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Behavioral Health Services

About Us

The Crisis Stabilization Unit (CSU) is a specialized treatment facility designed for those individuals in the midst of a mental health crisis who are not suicidal and/or homicidal.Services provided by the CSU are designed for individuals whose coping skills have been temporarily eclipsed by life events.

CSU services include: daily living/socialization skills training, individual and group therapies, and targeted therapeutic activities such as Journaling and Trauma Informed Yoga all offered within a supportive and client centered treatment environment. The program capacity will be 16 beds, with a 14-day length of stay.

Our Mission

To provide behavioral health recovery support to individuals experiencing a behavioral health crisis. Bernalillo County Department of Behavioral Health Services’ (DBHS) CSU focus of services is on returning the individual to their home environment after therapeutically resolving the life events that led to the crisis state. DBHS does not discriminate based on race, religion, sex, age, national origin, veteran status, or sexual orientation.

In line with other DBHS programs, the Crisis Unit will function as a social model program. DBHS will provide a warm hand-off to other community behavioral health facilities providing a higher level of care as needed. Initially, the Crisis Unit will take referrals from University of New Mexico Hospital (UNMH) programs. Clients to be accepted will be over the age of 18. Clients will have experienced a recent decline in behavioral and/or emotional stability due to a precipitating event or events.

Admission Criteria

ü Client is a voluntary admit to the Crisis Unit.

ü Client scores at an acceptable level on risk assessments completed by DBHS personnel evaluating risk for suicidality and/or danger to others.

ü Client is able to perform all activities of daily living.

ü Client must be ambulatory but may use walker/cane as needed.

ü Client is not aggressive or highly agitated

ü Client is sufficiently oriented and cognitive functioning is not severely impaired.

ü Client has no major medical problems that would compromise safety in a social model milieu.

ü Client has no communicable diseases.

ü If prescribed, client has life-sustaining and psych medications on hand.

Contact Information

Initial referrals must come from the UNM Health Sciences Psychiatric Center. Once you have a referral, please contact Bernalillo County Clinical Administration at 505-252-9473.

Frequently Asked Questions:

What are the rooms in the unit like? Clients have semi-private rooms. They are responsible for keeping their room neat and clean, including making the bed daily.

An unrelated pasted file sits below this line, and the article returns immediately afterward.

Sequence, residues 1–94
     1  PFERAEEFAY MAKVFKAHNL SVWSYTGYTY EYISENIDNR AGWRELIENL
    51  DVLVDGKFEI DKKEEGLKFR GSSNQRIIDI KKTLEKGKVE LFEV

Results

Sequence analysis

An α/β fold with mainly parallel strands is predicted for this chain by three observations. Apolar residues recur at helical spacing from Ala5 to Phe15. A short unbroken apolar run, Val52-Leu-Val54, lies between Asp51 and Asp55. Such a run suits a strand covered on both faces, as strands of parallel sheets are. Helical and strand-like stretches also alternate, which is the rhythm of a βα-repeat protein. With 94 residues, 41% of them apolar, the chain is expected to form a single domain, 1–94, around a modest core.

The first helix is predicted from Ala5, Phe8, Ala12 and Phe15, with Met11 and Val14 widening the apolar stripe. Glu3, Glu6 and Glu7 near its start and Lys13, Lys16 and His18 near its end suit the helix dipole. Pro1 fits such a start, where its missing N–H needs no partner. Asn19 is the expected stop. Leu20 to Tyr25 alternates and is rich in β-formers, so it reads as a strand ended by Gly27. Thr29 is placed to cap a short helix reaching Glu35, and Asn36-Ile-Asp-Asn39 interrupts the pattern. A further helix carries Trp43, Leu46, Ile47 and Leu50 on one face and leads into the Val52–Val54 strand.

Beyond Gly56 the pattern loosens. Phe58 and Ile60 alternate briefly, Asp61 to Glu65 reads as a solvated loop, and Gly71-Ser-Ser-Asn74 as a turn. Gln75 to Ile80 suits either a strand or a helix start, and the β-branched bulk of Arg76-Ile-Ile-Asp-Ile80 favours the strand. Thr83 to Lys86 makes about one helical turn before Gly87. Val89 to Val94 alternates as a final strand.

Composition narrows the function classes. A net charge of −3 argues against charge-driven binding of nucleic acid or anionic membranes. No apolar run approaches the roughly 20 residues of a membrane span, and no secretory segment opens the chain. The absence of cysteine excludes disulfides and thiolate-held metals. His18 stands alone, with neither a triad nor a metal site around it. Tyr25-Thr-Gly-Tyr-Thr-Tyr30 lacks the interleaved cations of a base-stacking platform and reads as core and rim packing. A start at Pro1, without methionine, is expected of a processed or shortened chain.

What may I bring with me? For the first 72 hours, clients wear clothing supplied by the program. Thereafter, clients can wear their own clothing if they wish. Due to space limitations, personal clothing items should be kept to a minimum. There are a washer and dryer on the unit. Sheets, towels and blankets are provided, shampoo and soap are available. Clients may bring cosmetics, blow dryers, and electric shaver. Clients may have items dropped off once weekly. They need to have a list of items and staff must inspect all items brought to the unit.

What are your rules about smoking? The program has set times each day for “smoke breaks,” which are limited to one area on the campus. Clients may bring unopened cigarette packs with them; cigarettes are kept with staff. There is no smoking allowed in rooms or on other parts of the campus apart from the designated space and times.

What if I have medication I need to take? Clients are asked to bring with them any life-sustaining medications. They should also bring any other prescribed medications. Medications are logged in and kept by staff. Clients are assisted in taking their medications at specified times.

May I have Visitors? The CARE campus is a closed campus. Visitation is allowed only when the visit is scheduled as a part of treatment. Such visits will be scheduled with your Therapist in accordance with the Therapist schedule.

“The Chinese use two brush strokes to write the word 'crisis.' One brush stroke stands for danger; the other for opportunity. In a crisis, be aware of the danger--but recognize the opportunity.”

John F. Kennedy

Department Of Behavioral Health Services
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